Protoplasma

, Volume 253, Issue 4, pp 1023–1032

Response of indigenously developed bacterial consortia in progressive degradation of polyvinyl chloride

  • Mohammad S Anwar
  • Anil Kapri
  • Vasvi Chaudhry
  • Aradhana Mishra
  • Mohammad W. Ansari
  • Yogesh Souche
  • Chandra S. Nautiyal
  • M. G. H. Zaidi
  • Reeta Goel
Original Article

Abstract

Thermoplastic-based materials are recalcitrant in nature, which extensive use affect environmental health. Here, we attempt to compare the response of indigenously produced bacterial consortium-I and consortium-II in degrading polyvinyl chloride (PVC). These consortia were developed by using different combination of bacterial strains of Pseudomonas otitidis, Bacillus cereus, and Acanthopleurobacter pedis from waste disposal sites of Northern India after their identification via 16S rDNA sequencing. The progressive degradation of PVC by consortia was examined via scanning electron microscopy, atomic force microscopy, UV–vis, FT-IR spectra, gel permeation chromatography, and differential scanning calorimetry analysis at different incubations and time intervals. The consortium-II was superior over consortium-I in degrading the PVC. Further, the carbon source utilization analysis revealed that the extensive use of consortia has not any effect on functional diversity of native soil microbes.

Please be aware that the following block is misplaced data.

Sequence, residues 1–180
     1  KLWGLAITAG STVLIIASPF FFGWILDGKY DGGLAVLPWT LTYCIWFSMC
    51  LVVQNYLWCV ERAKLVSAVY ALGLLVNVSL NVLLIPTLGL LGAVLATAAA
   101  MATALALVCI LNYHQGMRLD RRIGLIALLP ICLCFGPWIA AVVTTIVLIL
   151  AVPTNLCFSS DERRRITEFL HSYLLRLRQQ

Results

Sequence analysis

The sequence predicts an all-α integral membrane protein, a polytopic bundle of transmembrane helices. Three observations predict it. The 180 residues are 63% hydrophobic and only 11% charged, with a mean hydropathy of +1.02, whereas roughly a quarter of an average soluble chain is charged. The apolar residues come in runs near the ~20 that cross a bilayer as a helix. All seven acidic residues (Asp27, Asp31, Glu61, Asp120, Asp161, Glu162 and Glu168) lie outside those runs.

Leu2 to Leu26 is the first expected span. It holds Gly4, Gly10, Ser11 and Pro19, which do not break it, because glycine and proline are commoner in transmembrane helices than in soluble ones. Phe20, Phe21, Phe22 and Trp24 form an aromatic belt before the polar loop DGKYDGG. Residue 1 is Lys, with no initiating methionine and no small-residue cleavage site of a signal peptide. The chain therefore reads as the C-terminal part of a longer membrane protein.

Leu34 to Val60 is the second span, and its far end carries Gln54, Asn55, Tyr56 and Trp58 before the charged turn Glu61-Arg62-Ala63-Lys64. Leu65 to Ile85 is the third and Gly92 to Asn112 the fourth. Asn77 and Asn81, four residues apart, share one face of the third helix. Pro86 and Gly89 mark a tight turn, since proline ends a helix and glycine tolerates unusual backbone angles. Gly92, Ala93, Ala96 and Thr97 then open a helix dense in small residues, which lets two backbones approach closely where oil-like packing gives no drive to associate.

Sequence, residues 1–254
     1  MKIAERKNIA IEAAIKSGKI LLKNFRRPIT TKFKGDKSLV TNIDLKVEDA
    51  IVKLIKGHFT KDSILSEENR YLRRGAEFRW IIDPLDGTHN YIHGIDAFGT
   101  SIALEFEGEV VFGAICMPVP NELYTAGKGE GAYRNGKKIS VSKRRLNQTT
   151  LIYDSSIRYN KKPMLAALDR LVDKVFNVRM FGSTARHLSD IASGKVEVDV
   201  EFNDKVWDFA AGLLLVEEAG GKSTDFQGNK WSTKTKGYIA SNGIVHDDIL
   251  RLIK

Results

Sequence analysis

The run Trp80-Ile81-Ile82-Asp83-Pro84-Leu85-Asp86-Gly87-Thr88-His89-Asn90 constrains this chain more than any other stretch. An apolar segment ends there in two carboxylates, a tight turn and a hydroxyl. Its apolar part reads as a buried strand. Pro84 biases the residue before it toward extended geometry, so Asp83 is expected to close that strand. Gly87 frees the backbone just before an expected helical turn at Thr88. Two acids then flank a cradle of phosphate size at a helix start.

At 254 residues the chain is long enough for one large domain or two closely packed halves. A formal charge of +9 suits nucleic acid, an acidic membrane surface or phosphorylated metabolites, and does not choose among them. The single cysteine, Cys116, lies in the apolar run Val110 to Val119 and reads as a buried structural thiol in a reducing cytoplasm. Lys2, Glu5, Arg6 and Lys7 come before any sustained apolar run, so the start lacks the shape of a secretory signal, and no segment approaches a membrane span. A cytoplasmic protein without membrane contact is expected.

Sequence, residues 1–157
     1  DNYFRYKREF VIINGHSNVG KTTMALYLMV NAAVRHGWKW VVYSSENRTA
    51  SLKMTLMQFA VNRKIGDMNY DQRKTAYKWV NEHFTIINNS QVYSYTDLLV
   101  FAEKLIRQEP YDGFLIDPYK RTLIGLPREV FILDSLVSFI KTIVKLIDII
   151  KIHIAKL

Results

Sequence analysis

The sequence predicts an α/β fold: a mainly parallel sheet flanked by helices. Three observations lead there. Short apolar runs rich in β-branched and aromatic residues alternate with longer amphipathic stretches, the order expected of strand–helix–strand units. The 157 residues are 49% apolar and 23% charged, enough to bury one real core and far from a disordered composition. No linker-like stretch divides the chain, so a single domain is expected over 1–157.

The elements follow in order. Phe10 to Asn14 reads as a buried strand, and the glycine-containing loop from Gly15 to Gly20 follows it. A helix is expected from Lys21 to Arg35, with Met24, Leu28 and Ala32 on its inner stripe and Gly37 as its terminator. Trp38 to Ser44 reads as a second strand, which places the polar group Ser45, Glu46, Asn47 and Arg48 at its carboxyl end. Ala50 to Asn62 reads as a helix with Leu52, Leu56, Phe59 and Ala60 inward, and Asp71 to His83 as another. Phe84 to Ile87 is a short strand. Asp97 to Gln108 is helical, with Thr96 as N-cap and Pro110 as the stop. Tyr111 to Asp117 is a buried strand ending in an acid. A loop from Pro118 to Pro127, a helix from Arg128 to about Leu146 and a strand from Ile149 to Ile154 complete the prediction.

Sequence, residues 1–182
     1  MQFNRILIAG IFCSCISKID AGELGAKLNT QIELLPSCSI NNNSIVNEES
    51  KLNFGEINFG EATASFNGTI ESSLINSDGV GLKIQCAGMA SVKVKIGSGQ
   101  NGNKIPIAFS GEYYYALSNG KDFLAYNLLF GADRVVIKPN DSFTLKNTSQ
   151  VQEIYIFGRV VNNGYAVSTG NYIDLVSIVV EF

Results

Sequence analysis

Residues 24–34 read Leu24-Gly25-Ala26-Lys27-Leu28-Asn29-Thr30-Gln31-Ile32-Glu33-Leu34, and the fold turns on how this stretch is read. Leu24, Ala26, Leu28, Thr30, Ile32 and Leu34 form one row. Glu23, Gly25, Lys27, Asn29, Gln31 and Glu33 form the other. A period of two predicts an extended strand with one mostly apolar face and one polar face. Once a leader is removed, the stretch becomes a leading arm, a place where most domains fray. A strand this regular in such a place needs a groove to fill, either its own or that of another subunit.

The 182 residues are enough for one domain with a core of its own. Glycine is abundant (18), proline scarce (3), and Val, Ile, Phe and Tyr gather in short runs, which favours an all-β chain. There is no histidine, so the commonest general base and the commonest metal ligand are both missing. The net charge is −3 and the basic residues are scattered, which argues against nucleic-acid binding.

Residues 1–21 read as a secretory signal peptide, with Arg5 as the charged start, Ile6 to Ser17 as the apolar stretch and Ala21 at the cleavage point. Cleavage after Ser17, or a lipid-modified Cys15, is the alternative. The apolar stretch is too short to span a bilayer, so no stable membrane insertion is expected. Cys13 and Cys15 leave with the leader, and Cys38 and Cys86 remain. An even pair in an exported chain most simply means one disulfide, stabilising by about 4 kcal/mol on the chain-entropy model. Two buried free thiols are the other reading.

Keywords

Indigenous consortia Polyvinyl chloride In situ biodegradation Microbial community 

Supplementary material

709_2015_855_MOESM1_ESM.doc (38 kb)
ESM 1(DOC 38.5 kb)
709_2015_855_MOESM2_ESM.doc (35 kb)
ESM 2(DOC 35 kb)
709_2015_855_MOESM3_ESM.doc (32 kb)
ESM 3(DOC 32 kb)
709_2015_855_MOESM4_ESM.doc (32 kb)
ESM 4(DOC 32.5 kb)

Copyright information

© Springer-Verlag Wien 2015

Authors and Affiliations

  • Mohammad S Anwar
    • 1
  • Anil Kapri
    • 1
  • Vasvi Chaudhry
    • 2
  • Aradhana Mishra
    • 2
  • Mohammad W. Ansari
    • 3
  • Yogesh Souche
    • 1
    • 4
  • Chandra S. Nautiyal
    • 2
  • M. G. H. Zaidi
    • 1
  • Reeta Goel
    • 1
  1. 1.G.B. Pant University of Agriculture and TechnologyPantnagarIndia
  2. 2.Division of Plant-Microbe Interactions, National Botanical Research InstituteLucknowIndia
  3. 3.Zakir Husain Delhi CollegeNew DelhiIndia
  4. 4.National Centre for Cell SciencesPune University CampusGaneskhindIndia

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